The following year we decided we wanted as simple a journey as possible so decided to fly to Switzerland. Compared to our journey to Spain the previous year it has to be said that this was easy but it was not without it’s mishaps. The first happened when we were in the airport. We had been told there would be a delay so went to a restaurant to eat. While we were doing so the waitress slipped and ended up pouring a large jug of milk over Alan’s suit. Yes, men did travel in suits in those days. What were we to do, the luggage was checked in so nothing to change into. The restaurant staff took him into the kitchen to try and dry him off. Have you ever sat on a plane next to someone covered in stale milk, it is not pleasant. The restaurant suggested that Alan have his suit cleaned in Switzerland and they would foot the bill. All well and good but it meant him being without his suit for a good part of the 2 weeks we were there.

The second mishap put me off flying for many years afterwards. We got into really bad weather over the Alps and this was a fairly small prop plane compared to today’s jet airliners. People were screaming and falling about and others were throwing up. We finally landed and I was shaking and Alan was green. So much for an easy hassle free journey.

We did however enjoy our two weeks in Switzerland very much. Our hotel was on the shores of Lake Lucerne and looking out on our first morning felt like being in fairyland. The balcony was covered in window boxes full of flowers and they were framed by the mist on the lake with the peak of the Rigi mountain opposite just peeping out of the mist. This view was accompanied by the most exquisite perfume from all of the flowers.

Alan had brushed up on his French only to find that we were in a German speaking canton. However this caused him to want to learn to speak German and over the years he has become very fluent in this language. It really helped in subsequent years when we found ourselves making quite a number of visits to Germany.

While the other hotel guests were off on coach trips the first week we hired bikes. They were so heavy and cumbersome but they got us around. The ferry stopped at our hotel and we were able to cross the lake to another town with our bikes and then travel back and forth across the lake from town to town and in that way seeing so much more than we could have seen otherwise. The second week we were more conventional and did tour the rest of Switzerland by what would now be called a people carrier with the 2 other couples that we had made friends with. These friendships lasted for many years afterwards. In ending I have to say that until this day Switzerland remains my favourite country to visit.

In the next chapter I will be moving on to more of the realities of life.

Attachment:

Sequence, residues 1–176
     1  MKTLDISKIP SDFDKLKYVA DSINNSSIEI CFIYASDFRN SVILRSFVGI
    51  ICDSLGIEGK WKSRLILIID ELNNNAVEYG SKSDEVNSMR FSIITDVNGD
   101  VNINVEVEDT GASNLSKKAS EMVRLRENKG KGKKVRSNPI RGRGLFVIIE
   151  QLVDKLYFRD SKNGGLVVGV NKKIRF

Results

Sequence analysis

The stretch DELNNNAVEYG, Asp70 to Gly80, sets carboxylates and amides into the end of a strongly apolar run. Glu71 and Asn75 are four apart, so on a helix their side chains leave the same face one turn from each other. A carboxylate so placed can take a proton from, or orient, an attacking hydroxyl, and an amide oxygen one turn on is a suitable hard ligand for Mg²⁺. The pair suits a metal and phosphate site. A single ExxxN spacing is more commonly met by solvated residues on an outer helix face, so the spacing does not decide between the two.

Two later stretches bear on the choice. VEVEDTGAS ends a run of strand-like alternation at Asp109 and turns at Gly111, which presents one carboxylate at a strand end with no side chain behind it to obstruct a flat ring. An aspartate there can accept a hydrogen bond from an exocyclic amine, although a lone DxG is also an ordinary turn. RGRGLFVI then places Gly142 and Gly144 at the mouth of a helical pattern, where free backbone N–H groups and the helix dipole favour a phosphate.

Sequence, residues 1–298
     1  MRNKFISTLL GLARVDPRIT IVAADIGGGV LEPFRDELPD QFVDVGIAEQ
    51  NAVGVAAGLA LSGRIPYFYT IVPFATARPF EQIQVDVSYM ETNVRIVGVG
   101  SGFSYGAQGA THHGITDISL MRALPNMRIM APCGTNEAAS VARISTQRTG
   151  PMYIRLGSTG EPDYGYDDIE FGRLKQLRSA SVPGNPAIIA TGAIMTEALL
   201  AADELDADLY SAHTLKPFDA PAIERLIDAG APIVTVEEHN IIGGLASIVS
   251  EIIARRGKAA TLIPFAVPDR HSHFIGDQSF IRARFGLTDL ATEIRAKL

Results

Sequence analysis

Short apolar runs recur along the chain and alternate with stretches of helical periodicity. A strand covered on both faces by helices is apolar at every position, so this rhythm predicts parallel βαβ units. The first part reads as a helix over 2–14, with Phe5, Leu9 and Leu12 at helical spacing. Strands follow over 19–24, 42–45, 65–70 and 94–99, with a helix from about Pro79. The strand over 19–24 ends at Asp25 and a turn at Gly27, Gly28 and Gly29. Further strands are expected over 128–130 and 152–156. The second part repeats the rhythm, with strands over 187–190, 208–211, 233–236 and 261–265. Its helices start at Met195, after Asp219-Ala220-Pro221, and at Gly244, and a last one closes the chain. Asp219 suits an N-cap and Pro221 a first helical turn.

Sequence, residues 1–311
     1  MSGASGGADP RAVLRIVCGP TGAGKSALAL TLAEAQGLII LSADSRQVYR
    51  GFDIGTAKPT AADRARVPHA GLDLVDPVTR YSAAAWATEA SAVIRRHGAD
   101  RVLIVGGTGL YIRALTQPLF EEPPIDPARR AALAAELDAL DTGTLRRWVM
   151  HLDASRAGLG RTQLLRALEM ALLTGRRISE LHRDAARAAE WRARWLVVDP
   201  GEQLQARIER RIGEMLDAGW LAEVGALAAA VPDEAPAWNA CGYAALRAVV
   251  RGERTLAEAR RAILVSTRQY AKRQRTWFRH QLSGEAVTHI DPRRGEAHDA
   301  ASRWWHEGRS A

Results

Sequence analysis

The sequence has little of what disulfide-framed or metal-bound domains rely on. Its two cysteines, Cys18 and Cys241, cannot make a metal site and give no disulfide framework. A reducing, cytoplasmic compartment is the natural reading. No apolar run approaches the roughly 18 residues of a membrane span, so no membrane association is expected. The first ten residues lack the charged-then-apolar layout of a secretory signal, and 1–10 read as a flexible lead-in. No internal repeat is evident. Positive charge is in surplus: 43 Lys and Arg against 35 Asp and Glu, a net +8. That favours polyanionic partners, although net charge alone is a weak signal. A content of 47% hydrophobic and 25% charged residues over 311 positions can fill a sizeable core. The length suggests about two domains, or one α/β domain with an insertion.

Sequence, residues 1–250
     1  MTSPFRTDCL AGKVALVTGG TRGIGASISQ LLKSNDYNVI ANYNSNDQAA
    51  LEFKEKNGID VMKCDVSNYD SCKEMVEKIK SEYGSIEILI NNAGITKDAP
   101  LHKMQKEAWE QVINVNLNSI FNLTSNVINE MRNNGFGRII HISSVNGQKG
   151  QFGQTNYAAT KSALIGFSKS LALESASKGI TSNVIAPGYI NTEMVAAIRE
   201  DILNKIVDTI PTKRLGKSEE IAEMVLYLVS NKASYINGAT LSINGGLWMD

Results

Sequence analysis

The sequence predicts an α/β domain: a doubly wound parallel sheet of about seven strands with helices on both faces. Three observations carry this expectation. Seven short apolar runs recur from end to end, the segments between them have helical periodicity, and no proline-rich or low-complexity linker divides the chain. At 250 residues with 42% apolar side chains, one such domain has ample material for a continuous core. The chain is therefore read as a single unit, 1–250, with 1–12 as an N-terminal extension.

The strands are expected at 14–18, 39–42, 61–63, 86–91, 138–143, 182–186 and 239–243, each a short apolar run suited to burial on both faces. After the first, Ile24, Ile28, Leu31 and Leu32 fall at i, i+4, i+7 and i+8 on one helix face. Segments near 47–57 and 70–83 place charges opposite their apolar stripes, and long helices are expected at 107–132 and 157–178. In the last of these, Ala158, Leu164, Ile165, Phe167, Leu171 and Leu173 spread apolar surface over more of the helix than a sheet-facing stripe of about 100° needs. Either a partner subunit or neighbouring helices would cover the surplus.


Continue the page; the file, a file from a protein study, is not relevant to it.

Our Hotel View from our room


A mountain road - see the Pass in the bottom left of the picture
Yes, I was scared

A postcard of another mountain pass we drove through

The Matterhorn

A ferry on Lake Lucerne approaching our hotel

The bikes
We are in a deeply wooded forest
The people who lived higher up the hill used a wooden cart on a pulley system
to get to their house

Inside the Rhone Glacier
Not really - we are on the way out, it was quite dark deep inside

More mountain scenery taken through the car window

On the way up to the glacier seen behind Alan

Typical Swiss village

The Cotswolds Pt. 12 - Sudeley Castle

Sudeley Castle and grounds are situated one mile south of Winchcombe in the Cotswolds.
It's recent claim to fame is it is the venue where Elizabeth Hurley got married,
the ex-partner of the actor Hugh Grant
Look closer and one will see that it has been the home of Royalty and Aristocrats since
the 10th century when King Ethelred (The Unready) gave the Saxon manor house and estate of Sudeleagh and its surrounding Royal deer park to his daughter, Goda, on her marriage to
Walter de Maunt
Even earlier than this, Old Stone Age Hunters, Roman legions and Saxon tribes had taken it in turns to colonise this unspoint valley where the castle lies in a fold of the Cotswold hills.
When Henry VIII came to the throne in 1509, Sudeley was still Crown property and the King and Anne Boleyn spent a week here in 1535, the last year of their marriage.
There is so much history connected to this home that it takes up a whole book
We were fortunate in that we booked a late tour of the state and private rooms
and we were the only two on this tour so we had plenty of time to browse and ask questions
Obviously the only photos one is allowed to take are outside.
The Castle is currently the home of the Dent-Brocklehurst family
The Castle is part lived in and part ruins
The ruins have been incorporated into the gardens
The gardens incorporate The Wildflower Meadow, The Victorian Vegetable Garden,The Tithe Barn Garden, The Stone Garden, The Mulberry Garden, The Knot Garden, The Ruins Garden, The Queen's Garden, The White Garden and The Secret Garden
Here are just a few of the pictures
First from the Museum

First a life sized Henry VIII

His six wives

Silk Embroidery

More silk embroidery
The Castle church
Lived in part of the Castle

Looking out from the drawing room

Private courtyard

The ruins garden

The young daughter of the family is currently in art college
This is one of her creations

The neon brain is another
Can you spot it

More of the ruin garden

Part of the secret garden